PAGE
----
32

I've just started using Entity Framework rather than my normal NHiberante to see how EF works and so far I'm having lots of problems but one in particular is detaching an object and keeping the related child objects.
I bought the O'Reilly Entity Framework book which tells you "yes entity framework by default doesn't keep the object graph when you detach" but it doesn't show how you how to keep the graph! Thanks O'Reilly thats really useful.

Anyway if anyone can help that would be great, code below:

        using (var creativeWorkshopEntities = new CreativeWorkshopEntities())
        {
            var q = from c in creativeWorkshopEntities.Job.Include("Files")
                    where c.Id == jobId
                    select c;

            var job = q.First();

            creativeWorkshopEntities.Detach(job);

            return job;
        }

Thanks!

Dan

24

Try using a NoTracking query instead. That way the objects arenever attached, so you don't need to 'detach' which is when the graph is shredded:

i.e.

using (var creativeWorkshopEntities = new CreativeWorkshopEntities())        
{            
    creativeWorkshopEntities.Job.MergeOption = MergeOption.NoTracking;
    var q = from c in creativeWorkshopEntities.Job.Include("Files")
            where c.Id == jobId                    
            select c;            
    var job = q.First();            
    return job;
} 

Hope this helps

Alex

(Program Manager Entity Framework Team)

| improve this answer | |
  • That's great thanks Alex MergeOption done the trick for but the problem is without a detach my update method doesn't work, anyway around this? using (var creativeWorkshopEntities = new CreativeWorkshopEntities()) { if (job.Id > 0) creativeWorkshopEntities.AttachUpdated(job); //Custom extensor method else creativeWorkshopEntities.AddToJob(job); creativeWorkshopEntities.SaveChanges(); } – Dan Jul 22 '09 at 7:34
  • You need to use ApplyPropertyChanges(...) passing in the updated entity. ApplyPropertyChanges(updated) copies values from the 'updated' entity onto the original entity. For this to work the 'original' entity must be in the context, either because you held onto a copy and attached it (recommended) or because you did a query to re-load it from the database. – Alex James Jul 23 '09 at 21:40
  • 7
    Is there any way to prevent the entity graph from being shredded? Why is detaching implementing this way? – Den Nov 2 '10 at 13:59
  • 2
    what if I need to keep context alive?, I'm using 1 context per http request and even if I set MergeOption.NoTracking the entity stays connected – Milox Sep 22 '11 at 19:18
3

In EF5 the MergeOption is not at the DbSet level anymore. So according to this: http://msdn.microsoft.com/en-us/data/hh949853.aspx

If you want to do a not tracking query you will need to do something like:

  var q = from c in creativeWorkshopEntities.Job.AsNoTracking().Include("Files")
                        where c.Id == jobId
                        select c;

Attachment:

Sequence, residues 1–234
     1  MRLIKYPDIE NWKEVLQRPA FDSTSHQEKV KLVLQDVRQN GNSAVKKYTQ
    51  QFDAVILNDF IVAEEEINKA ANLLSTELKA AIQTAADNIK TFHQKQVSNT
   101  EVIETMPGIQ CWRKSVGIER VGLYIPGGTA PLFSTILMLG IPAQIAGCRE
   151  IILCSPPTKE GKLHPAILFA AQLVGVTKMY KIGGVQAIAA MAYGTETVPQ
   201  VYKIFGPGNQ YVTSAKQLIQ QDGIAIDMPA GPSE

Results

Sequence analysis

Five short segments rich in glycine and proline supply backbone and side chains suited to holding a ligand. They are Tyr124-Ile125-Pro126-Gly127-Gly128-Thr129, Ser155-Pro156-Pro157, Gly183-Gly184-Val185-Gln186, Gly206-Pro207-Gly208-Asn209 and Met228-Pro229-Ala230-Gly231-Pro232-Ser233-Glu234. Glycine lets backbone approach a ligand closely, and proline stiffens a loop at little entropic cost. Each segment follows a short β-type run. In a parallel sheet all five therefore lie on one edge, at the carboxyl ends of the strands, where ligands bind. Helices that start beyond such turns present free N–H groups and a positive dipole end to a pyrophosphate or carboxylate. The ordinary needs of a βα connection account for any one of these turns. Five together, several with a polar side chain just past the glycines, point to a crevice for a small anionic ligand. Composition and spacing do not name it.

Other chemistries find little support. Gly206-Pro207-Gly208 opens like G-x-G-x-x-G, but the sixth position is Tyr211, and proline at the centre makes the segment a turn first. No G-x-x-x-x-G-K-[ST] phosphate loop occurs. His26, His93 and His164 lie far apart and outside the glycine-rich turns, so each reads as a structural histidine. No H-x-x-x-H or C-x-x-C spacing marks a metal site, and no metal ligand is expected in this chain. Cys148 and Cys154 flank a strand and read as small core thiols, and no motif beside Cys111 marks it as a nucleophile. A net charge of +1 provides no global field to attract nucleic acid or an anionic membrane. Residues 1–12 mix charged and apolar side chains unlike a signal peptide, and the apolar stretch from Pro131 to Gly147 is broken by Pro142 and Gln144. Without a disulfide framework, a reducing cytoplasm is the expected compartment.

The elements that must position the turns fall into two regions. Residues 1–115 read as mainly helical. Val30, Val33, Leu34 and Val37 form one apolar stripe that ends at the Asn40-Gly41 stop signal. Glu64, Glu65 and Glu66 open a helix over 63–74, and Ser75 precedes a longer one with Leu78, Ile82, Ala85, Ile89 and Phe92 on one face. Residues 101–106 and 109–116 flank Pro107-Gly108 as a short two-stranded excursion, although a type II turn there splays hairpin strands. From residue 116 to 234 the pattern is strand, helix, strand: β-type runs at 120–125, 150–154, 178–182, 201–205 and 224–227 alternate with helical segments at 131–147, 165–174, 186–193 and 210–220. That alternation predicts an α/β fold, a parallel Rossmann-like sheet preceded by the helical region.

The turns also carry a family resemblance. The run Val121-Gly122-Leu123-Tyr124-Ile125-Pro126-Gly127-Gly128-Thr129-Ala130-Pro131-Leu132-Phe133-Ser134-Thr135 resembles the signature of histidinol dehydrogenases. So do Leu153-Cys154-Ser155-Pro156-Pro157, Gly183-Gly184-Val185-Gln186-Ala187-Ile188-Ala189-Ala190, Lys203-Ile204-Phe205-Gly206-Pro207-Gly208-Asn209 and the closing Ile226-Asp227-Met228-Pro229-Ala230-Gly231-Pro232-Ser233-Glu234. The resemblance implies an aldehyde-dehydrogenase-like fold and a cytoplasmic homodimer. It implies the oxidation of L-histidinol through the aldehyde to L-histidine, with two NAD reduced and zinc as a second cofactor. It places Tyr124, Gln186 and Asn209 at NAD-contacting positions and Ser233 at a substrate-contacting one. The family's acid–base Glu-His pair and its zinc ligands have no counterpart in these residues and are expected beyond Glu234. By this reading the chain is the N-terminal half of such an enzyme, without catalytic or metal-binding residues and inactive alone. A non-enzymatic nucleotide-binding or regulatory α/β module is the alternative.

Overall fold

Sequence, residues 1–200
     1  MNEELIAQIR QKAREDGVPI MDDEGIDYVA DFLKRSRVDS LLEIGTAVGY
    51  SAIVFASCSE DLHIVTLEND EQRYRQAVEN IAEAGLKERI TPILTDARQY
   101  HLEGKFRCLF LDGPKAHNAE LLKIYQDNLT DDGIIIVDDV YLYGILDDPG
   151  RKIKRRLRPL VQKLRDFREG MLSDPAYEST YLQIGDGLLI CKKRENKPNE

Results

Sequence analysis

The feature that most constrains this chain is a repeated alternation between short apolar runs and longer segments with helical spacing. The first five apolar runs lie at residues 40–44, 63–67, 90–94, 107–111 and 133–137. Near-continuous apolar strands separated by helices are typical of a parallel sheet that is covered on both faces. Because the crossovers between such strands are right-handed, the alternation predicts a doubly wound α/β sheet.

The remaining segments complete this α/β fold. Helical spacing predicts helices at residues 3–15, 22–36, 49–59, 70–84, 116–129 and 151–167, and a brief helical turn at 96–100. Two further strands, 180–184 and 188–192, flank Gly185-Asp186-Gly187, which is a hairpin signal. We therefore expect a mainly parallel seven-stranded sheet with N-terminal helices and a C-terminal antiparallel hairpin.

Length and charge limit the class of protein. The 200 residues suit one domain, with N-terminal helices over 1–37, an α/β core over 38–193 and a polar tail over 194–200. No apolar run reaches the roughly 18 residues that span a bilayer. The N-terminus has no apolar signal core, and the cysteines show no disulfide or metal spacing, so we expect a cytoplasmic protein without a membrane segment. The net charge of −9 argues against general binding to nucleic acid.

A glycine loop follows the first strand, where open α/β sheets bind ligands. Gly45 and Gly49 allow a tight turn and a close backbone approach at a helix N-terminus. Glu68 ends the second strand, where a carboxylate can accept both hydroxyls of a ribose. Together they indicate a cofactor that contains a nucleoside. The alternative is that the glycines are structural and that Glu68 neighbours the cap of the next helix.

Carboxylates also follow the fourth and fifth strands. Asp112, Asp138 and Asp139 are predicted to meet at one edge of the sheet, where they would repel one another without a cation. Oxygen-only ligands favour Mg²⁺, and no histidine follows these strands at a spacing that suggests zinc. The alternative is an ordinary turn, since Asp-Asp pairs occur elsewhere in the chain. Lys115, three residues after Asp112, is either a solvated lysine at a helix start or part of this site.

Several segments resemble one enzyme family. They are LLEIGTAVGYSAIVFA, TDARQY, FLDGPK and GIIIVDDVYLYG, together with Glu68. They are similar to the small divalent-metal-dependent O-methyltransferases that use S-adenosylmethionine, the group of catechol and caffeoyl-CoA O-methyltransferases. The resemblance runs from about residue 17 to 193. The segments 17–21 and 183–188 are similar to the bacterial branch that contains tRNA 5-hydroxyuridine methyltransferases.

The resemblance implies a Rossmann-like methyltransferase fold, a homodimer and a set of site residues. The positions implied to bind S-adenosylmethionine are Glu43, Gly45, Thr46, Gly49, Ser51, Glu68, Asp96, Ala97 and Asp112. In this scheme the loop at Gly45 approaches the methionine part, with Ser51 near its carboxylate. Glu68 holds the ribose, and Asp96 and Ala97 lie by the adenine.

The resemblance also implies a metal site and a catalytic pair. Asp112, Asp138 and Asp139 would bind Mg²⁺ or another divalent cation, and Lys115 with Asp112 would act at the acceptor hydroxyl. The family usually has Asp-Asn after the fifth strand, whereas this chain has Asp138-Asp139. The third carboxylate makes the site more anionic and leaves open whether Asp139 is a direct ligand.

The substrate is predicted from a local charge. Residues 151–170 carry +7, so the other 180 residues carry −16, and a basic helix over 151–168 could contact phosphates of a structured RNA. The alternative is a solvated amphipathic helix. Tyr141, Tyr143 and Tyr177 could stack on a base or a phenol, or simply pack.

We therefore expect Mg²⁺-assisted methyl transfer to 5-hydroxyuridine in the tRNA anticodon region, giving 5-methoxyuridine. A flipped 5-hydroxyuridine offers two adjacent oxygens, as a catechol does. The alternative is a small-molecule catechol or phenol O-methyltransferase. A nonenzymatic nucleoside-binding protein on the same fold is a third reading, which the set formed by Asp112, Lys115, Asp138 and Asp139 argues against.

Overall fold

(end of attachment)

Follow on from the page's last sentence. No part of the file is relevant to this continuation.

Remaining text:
| improve this answer | |
2

Check out http://www.codeproject.com/KB/architecture/attachobjectgraph.aspx

This is an awesome solution and may help you out - be aware that the author has an updated version on his own blog too - http://www.codetuning.net/blog/post/Entity-Framework-reattaching-entity-graphs-(3).aspx

Paul

| improve this answer | |
  • This looks like a really great solution! – Mike Chamberlain Sep 15 '12 at 12:23
0

use below code to keep related objects in memory.

  using (var creativeWorkshopEntities = new CreativeWorkshopEntities())
  {
                var q = from c in creativeWorkshopEntities.Job.Include("Files")
                        where c.Id == jobId
                        select c;

                var job = q.First();

                return (Job)Detach(job);
   }

  private Object Detach(Object object)
  {
            using (var stream = new MemoryStream())
             {
                var formatter = new BinaryFormatter();
                formatter.Serialize(stream, dbo);
                stream.Position = 0;
               return formatter.Deserialize(stream);
             }
   }
| improve this answer | |
  • 2
    This only detaches a single object - not the entire graph. – Danny Varod Jul 19 '12 at 11:49
  • @DannyVarod Why would you think that? I've just tried this and it works as expected, all of the entities are there. – veljkoz Sep 17 '13 at 7:03
  • @veljkoz The built in detach from EF4 only detached a single object, this implementation clones the object. I can't remember why I wrote that - it was over a year ago and I can't see any edits. – Danny Varod Sep 17 '13 at 9:04
  • This doesn't actually detach anything. It simply clones the graph. The original graph is still in the context's local cache. If reducing memory footprint is part of your reasoning for wanting to detach your entity graph, then this doesn't help at all -- in fact it makes it worse. You also have to mark everything [Serializable] which is another detractor. – sliderhouserules Nov 4 '15 at 22:09
  • 2
    -1 Whilst this is recommended on MSDN forums ( social.msdn.microsoft.com/Forums/en-US/… ), as @sliderhouserules points out, this doesn't detach anything, it clones everything (the entire context, reachable via the object tracker reference). This can lead to extreme performance issues if there are lots (10k's) of objects in context (the bug I've just been chasing down all week). I strongly recommend avoiding this approach. – piers7 Nov 10 '15 at 8:12

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